Iowa senior Tony Ramos appeared to be on his way to defeat in a championship match for the second consecutive season.
Tied at 1-all, Ramos was rode out by Wisconsin’s Tyler Graff during the first 30 seconds of the second overtime session Saturday night. All Graff had to do was escape in the final 30 seconds and he would have been a 133-pound national champion.
Instead, Ramos capitalized on a mistake, scored two nearfall points and escaped the mat with his first-ever national championship.
“I knew he liked to roll,” said Ramos of the mistake he took advantage of. “As soon as he hit that roll, I was just finding some way to score. I caught that arm and thought if I just fall back a little bit … I am just glad I got it.”
It was the fourth consecutive dramatic win at the 2014 NCAA Wrestling Championships for Ramos, who advanced through each round with last-second takedown or nearfalls.
Wisconsin challenged the official’s call, but the video confirmed the back points and Ramos rushed into the stands to embrace his family and friends.
“It’s awesome,” said Ramos, who became the 53rd Iowa grappler to win an NCAA title. “I am way excited. I can’t wait to get out of here, take that drug test, celebrate with my family, get my bracket, go home and put it on the wall.”
Ramos was the only finalist for the Hawkeyes as Iowa ended up fourth in the team standings for the second consecutive season. Penn State won its fourth straight NCAA title with 109.5 points, while Minnesota (104) and Oklahoma State (96.5) were second and third, respectively. Iowa ended up with 78.5 points.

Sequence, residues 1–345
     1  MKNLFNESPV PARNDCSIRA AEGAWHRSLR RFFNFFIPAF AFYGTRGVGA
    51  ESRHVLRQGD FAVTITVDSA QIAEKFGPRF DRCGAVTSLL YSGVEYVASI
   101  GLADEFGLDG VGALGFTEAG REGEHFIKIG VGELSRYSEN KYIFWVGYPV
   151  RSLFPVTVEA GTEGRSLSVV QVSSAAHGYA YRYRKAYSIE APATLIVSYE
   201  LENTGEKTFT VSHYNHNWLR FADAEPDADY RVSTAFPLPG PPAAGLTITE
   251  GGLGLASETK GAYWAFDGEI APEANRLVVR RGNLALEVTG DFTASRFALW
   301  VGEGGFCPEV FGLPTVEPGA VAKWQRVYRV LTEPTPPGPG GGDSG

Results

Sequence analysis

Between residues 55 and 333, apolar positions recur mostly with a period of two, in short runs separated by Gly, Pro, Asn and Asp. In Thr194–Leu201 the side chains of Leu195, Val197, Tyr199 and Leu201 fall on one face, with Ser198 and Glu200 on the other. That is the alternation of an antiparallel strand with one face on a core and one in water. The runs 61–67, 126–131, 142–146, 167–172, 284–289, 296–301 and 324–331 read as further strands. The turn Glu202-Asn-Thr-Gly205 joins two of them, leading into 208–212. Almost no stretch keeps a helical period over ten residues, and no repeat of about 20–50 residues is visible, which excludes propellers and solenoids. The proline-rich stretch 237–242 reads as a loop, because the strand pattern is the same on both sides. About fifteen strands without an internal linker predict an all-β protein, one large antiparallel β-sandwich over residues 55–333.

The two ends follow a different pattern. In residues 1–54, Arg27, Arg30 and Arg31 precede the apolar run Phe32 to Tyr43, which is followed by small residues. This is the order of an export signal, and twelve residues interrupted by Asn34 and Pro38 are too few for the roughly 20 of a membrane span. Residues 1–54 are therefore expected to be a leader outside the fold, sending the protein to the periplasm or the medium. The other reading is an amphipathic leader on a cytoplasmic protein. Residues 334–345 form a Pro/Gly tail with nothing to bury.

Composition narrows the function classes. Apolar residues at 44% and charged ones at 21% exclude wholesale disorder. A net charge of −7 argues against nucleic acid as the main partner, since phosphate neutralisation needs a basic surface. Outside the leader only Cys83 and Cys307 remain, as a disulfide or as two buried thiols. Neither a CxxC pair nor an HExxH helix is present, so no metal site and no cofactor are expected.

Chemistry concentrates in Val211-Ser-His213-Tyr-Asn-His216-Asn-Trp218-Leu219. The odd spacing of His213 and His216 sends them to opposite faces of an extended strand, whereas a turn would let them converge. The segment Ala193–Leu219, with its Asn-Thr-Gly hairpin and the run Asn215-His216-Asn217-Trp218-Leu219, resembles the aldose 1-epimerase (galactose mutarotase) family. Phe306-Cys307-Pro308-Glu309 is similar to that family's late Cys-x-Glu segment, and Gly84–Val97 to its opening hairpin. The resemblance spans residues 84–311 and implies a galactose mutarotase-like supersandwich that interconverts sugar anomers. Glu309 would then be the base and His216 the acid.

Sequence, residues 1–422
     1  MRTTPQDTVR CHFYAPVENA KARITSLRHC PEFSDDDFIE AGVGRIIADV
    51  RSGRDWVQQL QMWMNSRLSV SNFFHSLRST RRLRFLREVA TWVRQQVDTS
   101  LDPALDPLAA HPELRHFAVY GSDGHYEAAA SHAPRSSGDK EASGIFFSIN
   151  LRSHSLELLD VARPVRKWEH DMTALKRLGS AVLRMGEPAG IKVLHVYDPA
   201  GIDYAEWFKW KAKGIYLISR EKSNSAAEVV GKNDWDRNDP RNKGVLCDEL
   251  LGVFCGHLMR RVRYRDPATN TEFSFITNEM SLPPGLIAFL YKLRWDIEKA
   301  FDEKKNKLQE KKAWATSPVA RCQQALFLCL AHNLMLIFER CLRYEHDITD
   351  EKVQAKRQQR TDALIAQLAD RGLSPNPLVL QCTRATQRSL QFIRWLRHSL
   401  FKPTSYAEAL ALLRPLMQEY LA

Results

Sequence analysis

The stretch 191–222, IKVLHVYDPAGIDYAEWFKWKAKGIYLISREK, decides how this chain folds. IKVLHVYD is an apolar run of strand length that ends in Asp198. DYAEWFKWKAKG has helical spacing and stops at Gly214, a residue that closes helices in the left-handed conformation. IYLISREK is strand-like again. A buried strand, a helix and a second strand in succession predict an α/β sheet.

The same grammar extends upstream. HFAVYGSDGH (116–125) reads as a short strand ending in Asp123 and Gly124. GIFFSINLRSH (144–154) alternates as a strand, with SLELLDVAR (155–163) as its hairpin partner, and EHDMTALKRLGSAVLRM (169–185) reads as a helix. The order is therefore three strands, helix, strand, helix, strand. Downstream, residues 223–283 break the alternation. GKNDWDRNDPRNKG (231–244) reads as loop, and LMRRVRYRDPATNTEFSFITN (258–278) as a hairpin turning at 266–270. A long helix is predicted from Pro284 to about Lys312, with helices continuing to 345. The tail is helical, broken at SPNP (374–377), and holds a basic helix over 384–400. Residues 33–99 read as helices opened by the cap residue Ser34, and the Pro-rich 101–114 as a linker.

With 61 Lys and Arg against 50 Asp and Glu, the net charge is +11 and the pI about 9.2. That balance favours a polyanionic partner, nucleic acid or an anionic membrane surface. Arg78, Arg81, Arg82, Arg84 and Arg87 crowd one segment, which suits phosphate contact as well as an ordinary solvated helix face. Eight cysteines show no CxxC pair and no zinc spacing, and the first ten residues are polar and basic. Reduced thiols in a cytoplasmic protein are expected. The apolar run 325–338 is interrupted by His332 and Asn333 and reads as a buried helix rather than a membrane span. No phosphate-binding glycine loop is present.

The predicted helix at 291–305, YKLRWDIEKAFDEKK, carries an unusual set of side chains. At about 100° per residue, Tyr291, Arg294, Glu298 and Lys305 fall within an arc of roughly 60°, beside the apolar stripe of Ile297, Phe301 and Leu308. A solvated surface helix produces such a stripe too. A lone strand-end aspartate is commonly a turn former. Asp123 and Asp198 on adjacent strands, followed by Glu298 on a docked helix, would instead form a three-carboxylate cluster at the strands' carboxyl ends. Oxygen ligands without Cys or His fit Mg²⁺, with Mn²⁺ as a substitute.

The Hawkeyes ended the year with a shared Big Ten Conference dual title, one Big Ten champion (Ramos), one national champion and six All-Americans.
Iowa heavyweight Bobby Telford was the Hawkeyes’ second-best finisher as he took fourth overall, bouncing back from an injury in 2013. He was fifth as a freshman in 2012.
Senior Derek St. John, the defending national champion at 157 pounds, lost again on Saturday morning and settled for fifth. Freshman Cory Clark also was fifth at 125, Mike Evans was sixth for the second straight season at 174 and Nathan Burak finished eighth at 197.
“I came to this tournament for a purpose,” said St. John, who won 106 matches in his Iowa career. “And placing the lowest you’ve placed in four years kind of stings. It’s a get what you deserve kind of thing I guess.”
St. John ended up a four-time All-American at Iowa and is just the 18th in program history to do that. He was fourth as a freshman, second as a sophomore and first as a junior.
In his first-ever national tournament, Clark won five matches and beat UNI’s Dylan Peters in the fifth-place match.
“I’ve always set high goals. This year’s was winning a national championship and it didn’t happen,” said Clark, who is the fourth Hawkeye freshman in five years to earn All-America honors. “It’s hard not to reach those goals, but the experience will definitely help going into next year.”
NCAA CHAMPIONSHIP RESULTS (#indicated tournament seed)
174 - #1 Chris Perry (Oklahoma State) dec. #2 Andrew Howe (Oklahoma), 4-0
184 - #2 Ed Ruth (Penn State) dec. #1 Jimmy Sheptock (Maryland), 7-2
197 - #2 J’Den Cox (Missouri) dec. #1 Nick Heflin (Ohio State), 2-1
285 - #2 Nick Gwiazdowski (N.C. State) dec. #1 Tony Nelson (Minnesota), 4-2
125 - #1 Jesse Delgado (Illinois) dec. #2 Nahshon Garrett (Cornell), 3-2
133 - #3 Tony Ramos (IOWA) dec. #5 Tyler Graff (Wisconsin), 3-1 (TB1)
141 - #2 Logan Stieber (Ohio State) major dec. #4 Devin Carter (Virginia Tech), 10-1
149 - #2 Jason Tsirtsis (Northwestern) dec. #11 Josh Kindig (Oklahoma State), 3-1 (SV1)
157 - #3 Alex Dieringer (Oklahoma State) major dec. #9 Dylan Ness (Minnesota), 13-4
165 - #1 David Taylor (Penn State) dec. #2 Tyler Caldwell (Oklahoma State), 6-0
FINAL NCAA TEAM STANDINGS (top 10 teams)
1. Penn State 109.5
2. Minnesota 104
3. Oklahoma St. 96.5
4. IOWA 78.5
5. Edinboro 62
6. Ohio State 57
7. Cornell 53
8. Virginia Tech 49
9. Northwestern 46
10. Oklahoma 45